This past week (12-17 September 2016) marked Clean-up & Recycle SA week, the aim of the week is to increase awareness in South Africans of the many benefits of recycling (socially, environmentally and economically) and the importance of a litter-free environment.
This year, we celebrated the twentieth year of South Africa’s active participation in the International Coastal Clean-Up Day (ICC) – an annual event that sees thousands of volunteers flock to beaches around the world to pick up and remove litter from beaches and the marine environment.
As part of International Coastal Clean-up Day on Saturday 17th of September, PETCO partnered with Plastics|SA and 140 enthusiastic volunteers to clean up Robben Island in memory of Nelson Mandela.
Cleaning up the island
Despite the nasty weather conditions that were forecast for that day, many highly motivated and cheerful trash collectors, across all age groups, showed up, fully prepared for the adverse weather conditions with waterproof jackets firmly in hand. We then spent two hours picking up all waste items that could be found.
Plastics were by far the most prevalent litter source on the beach, along with bottle caps, food packets, cigarette butts, a few lighters etc. Small plastics (micro-debris) were also present, which are often overlooked and hard to pick up because of their size.
Once the beaches were clean and all waste had been picked up, a truck circled the island’s perimeter road, collecting more than 20 bright yellow bags full of rubbish for sorting and later recycling on the mainland.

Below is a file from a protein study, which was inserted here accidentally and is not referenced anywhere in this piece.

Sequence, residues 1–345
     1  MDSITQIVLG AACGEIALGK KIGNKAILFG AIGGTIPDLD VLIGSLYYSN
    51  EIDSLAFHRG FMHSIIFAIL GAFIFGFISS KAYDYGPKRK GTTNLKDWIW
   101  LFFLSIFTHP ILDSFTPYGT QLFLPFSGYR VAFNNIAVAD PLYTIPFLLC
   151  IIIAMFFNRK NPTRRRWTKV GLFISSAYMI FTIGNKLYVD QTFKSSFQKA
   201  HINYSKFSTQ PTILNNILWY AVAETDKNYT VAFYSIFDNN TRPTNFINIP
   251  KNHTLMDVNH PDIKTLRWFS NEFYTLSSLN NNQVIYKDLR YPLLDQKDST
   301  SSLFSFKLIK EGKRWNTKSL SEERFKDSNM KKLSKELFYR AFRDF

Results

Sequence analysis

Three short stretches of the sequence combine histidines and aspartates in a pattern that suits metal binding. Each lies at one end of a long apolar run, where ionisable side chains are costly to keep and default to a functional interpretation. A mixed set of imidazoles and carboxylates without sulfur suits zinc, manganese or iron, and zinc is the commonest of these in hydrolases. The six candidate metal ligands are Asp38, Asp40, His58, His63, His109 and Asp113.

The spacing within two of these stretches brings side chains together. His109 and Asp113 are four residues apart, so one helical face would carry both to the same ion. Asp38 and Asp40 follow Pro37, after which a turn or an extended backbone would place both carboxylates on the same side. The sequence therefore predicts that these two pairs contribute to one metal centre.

80% of marine debris from land-based sources
It is been estimated that around 80% of marine debris is from land-based sources. Countless marine animals and sea birds become entangled in marine debris or ingest it. So what can we do about it?
Packaging is an essential part of modern life allowing people to consume fresh, uncontaminated food and beverages wherever they want in the quantities needed. As a nation, we are unfortunately undisciplined litterers which is a major cause for the negative perception South Africans have of packaging. If we can stop littering we will have made a major move towards cleaning up our country.
The best thing we can do to protect our oceans is to keep as much plastic as possible out of the waste stream in the first place.
It seems fairly obvious, but we’re not doing a great job of it.
Did you know that PET (Polyethylene Terephthalate) – an incredibly sophisticated plastic most commonly used to manufacture bottled-water and cool-drink packaging – is 100% recyclable?
And did you know that, after it’s been used, PET can be recycled into many new and useful products, including being turned back into bottles? It’s too valuable to be thrown in with the rubbish.
Recycling PET bottles in South Africa over the last decade has saved a total of 651 000 tonnes of carbon, avoided using 2.7 million m3 of landfill space and reduced resource consumption. Recycling plastic bottles decreases the need for raw materials and saves energy. Recycling a single tonne of plastic bottles saves 1.5 tonnes of carbon versus landfilling or incineration.
2. Support Drop-Off sites
When recyclable materials, like PET, are sent to landfill, they become completely useless. Keep them out of the waste stream by recycling them. Check for local NGOs, schools and shopping centres in your area that offer recycling.
Find a drop off site for PET and most other packaging recyclables here.
3. Put pressure on your manufacturers.
If you believe a company could be smarter about its packaging, make your voice heard. Write a letter, send a tweet, or choose to support a more sustainable competitor.
Join the conversation on Facebook, Twitter and Instagram to reduce, reuse, recycle and recover.
Thank you to all who rolled up their sleeves to take part at the Robben Island clean-up SA on the 17th of September 2016, and of course the other fantastic sponsors, partners and organisers – Plastics|SA, Pick n Pay, and Fine Music Radio.
See the full photo album here.